Janet’s story

As a young girl in the sixties I was aware that I was treated very differently to the boys.

I was labelled a tomboy because of my passion for sport. I was humiliated on the monkey bars as most girls were made to wear dresses and our underwear was on show for all to see. Girls were teased about this and the boys were actually more able due to the fact that they could wear shorts or pants. Imagine trying to perform complex gymnastics whilst trying to hold your dress down?

Boys also made sport of the fact that they could lift our dresses to embarrass us. I was delighted when a new trend began, they were called “witches britches” and were like shorts but made out of an elastic material with frills of course. We wore them underneath our dresses and certainly caught up to and overtook the boys on the monkey bars once we had the freedom provided by those britches.

Janet – behind the sign at the front.

Winter was another thing altogether. We had to endure the grey tunic. They were cold, heavy and itchy. I wore pants whenever I could and was once again labelled a tomboy.

Imagine my dismay when I got to high school and was informed that regardless of weather conditions, girls wore summer dresses and winter tunics. We were advised that we were lucky to wear tights instead of stockings, however we still froze. Once again, boys had the freedom and we were confined to dresses. PE was my favourite subject, however it was almost impossible to perform some of the activities whilst wearing sports tunics.

As a junior member of the school I joined a group of older girls who also felt the same way. There were a lot of strikes in the seventies so we decided that was our only option. Our senior teacher was a Miss who wore slacks and because of this, her sexuality was questioned. Some student’s comments about here were vile and I was disgusted. Luckily for us she attended the strike and agreed to put forward our motion to wear slacks, but the compromise was that we had to stop wearing fluorescent underwear and not hitch up our uniforms to make the hemline shorter.

I was happy with this, however wasn’t satisfied with the sports uniform.  Once again we took our case to the Sports mistress and it took time, but I can proudly say that we were one of the first schools to wear singlets and bloomers instead of tunics. Having said that, we still felt like we were wearing underwear but eventually got used to it. Some parents and teachers were unhappy with the changes as they felt that it wasn’t feminine and would also affect us adversely when we were menstruating!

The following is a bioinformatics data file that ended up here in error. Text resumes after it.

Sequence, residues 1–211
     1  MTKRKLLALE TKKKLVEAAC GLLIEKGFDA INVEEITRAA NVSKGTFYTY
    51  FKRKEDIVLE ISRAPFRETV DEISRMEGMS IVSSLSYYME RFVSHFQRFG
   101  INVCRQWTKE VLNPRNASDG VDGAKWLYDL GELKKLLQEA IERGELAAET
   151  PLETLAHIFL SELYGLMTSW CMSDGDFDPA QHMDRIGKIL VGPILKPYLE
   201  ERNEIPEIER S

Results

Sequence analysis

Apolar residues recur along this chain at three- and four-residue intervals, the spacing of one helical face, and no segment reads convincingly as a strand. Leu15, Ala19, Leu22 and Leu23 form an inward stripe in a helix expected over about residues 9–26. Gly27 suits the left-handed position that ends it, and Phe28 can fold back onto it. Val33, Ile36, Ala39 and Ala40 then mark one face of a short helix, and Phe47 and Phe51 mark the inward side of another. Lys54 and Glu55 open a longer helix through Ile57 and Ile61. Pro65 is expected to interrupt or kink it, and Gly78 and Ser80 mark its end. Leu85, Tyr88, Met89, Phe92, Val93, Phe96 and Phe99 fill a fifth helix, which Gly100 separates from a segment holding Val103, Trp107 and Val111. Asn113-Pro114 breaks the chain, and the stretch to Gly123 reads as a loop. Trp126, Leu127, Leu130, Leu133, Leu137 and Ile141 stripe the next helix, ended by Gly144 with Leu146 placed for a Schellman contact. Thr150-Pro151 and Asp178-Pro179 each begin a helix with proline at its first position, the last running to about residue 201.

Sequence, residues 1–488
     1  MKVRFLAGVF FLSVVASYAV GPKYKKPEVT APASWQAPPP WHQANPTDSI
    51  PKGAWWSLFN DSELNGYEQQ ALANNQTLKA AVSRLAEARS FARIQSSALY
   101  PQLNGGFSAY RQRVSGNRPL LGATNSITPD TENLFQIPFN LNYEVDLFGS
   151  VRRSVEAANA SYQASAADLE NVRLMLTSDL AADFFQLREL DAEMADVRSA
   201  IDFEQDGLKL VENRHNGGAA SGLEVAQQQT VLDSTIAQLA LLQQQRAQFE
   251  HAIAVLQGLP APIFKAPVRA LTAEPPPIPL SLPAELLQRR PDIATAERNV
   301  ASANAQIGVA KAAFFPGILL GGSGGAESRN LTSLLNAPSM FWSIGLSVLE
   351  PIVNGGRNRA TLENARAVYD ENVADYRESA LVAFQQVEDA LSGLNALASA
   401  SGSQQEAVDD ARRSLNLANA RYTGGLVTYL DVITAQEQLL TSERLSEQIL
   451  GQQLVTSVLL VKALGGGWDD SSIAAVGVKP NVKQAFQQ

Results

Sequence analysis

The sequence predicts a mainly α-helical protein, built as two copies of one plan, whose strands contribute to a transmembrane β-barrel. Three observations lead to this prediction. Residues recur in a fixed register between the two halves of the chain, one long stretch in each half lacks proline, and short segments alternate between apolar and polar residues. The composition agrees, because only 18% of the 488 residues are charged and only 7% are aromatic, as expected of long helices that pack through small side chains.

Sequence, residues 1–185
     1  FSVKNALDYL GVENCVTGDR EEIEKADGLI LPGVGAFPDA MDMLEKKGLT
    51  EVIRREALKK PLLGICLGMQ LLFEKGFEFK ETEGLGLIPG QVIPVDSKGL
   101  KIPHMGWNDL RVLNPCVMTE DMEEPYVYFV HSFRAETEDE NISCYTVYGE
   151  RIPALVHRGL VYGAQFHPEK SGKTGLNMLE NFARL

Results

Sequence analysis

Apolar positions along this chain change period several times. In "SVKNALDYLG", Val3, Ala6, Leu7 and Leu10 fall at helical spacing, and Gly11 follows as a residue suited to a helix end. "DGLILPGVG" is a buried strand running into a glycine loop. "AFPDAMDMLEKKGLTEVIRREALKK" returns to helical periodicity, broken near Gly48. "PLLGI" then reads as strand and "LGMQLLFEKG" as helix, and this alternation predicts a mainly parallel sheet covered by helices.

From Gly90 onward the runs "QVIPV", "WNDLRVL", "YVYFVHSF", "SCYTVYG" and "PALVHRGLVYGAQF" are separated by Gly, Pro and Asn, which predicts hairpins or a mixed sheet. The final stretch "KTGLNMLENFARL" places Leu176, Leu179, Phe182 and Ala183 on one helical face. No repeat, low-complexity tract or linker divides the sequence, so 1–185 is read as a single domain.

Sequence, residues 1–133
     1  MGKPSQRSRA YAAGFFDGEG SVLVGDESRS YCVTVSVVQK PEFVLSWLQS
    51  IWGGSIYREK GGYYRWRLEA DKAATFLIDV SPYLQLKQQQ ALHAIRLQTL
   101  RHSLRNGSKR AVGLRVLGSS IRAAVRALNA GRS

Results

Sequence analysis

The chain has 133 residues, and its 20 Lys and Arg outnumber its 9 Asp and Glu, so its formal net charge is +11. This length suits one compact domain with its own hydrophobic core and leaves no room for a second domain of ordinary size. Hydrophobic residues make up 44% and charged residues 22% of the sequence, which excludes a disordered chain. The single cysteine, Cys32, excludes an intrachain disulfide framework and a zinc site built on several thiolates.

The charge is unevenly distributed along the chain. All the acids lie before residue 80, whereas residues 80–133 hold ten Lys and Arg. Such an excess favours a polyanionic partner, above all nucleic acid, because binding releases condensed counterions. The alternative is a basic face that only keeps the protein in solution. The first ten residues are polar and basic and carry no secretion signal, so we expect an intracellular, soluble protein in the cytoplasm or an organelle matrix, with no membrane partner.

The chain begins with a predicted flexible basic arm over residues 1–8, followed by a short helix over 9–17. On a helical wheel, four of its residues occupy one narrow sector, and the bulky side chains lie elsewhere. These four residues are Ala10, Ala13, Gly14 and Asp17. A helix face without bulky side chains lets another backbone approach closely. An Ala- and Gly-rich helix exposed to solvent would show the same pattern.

Janet – second on the left in front row.

As a parent I made sure my children regardless of sex wore the appropriate clothes to match weather conditions, just like adults do. My children’s primary school uniform was a combination of dresses, skirts, skorts and pants for the girls so I was very happy with this.

I helped design a one piece “Cathy Freeman” style body suit when our relay team made the State Finals. Once again, some people were intimidated by this uniform because of the way it looked. I politely informed the parents that the body suits actually looked like bathers and that the function of them was to make the girls more comfortable whilst sprinting and holding a baton. No one would have complained if they were for the swimming finals.

When my children went to high school they were faced with the same rigid set of rules for both boys and girls.

Interestingly, boys would not wear shorts at all and wore slacks all year around regardless of the weather conditions. I bought this up with the school and was told that I was incorrect.  By the time my son attended, the shorts we were made to purchase were never worn as the boys would be teased and labelled gay. I tried everything to get my son to wear them but he refused until senior school where shorts he wore all year around!

The uniform changed for the girls and tunics were almost at ground level (so long). Sports uniforms were unisex much to my delight.

There is no valid reason to make any school student wear a uniform that does not suit weather conditions. School is the only place that I can think of that police this idiocy. If all adults in a children’s circle dress to weather conditions, then why can’t their children? This is not the sixties, times have changed and I simply cannot accept the fact that after all our good work in the seventies, students are being disadvantaged once again.

It is not rocket science. If you force a girl to wear a dress you will affect her ability to participate in a range of activities. The obesity epidemic is forced down our throats daily. Domestic violence, coward punches, sexual crime and the list goes on. If male students are able to lift a dress at school, how does the female student protect herself? Why should she be put in this position in the first place? If schools are a microcosm of society, where does this sort of behaviour end? It is a form of bullying. If a female student isn’t able to wear clothes that suit the weather conditions, clothes that protect her modesty and clothes that promote activity, what happens to her choices?

I am now a grandmother of two boys, one is at primary school. He has the choice to wear a uniform that allows him to dress to weather conditions. He has the choice to wear shorts in summer and pants in winter. The bottom line is, he has the choice.